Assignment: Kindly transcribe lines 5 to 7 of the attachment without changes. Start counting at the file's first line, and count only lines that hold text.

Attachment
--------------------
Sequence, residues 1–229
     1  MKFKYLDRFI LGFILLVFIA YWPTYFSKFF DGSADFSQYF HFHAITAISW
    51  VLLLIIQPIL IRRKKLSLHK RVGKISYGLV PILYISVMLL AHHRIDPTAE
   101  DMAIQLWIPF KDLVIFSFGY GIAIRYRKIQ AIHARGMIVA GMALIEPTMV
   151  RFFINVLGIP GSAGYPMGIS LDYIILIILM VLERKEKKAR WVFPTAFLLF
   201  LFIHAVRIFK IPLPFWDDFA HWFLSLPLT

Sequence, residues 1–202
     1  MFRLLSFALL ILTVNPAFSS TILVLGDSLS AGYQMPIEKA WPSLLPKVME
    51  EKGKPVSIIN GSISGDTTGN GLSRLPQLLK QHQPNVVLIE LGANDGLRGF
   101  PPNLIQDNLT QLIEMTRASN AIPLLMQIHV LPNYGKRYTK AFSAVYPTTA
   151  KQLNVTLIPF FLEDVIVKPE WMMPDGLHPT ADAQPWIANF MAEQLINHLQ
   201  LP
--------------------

   151  RFFINVLGIP GSAGYPMGIS LDYIILIILM VLERKEKKAR WVFPTAFLLF
   201  LFIHAVRIFK IPLPFWDDFA HWFLSLPLT

Sequence, residues 1–202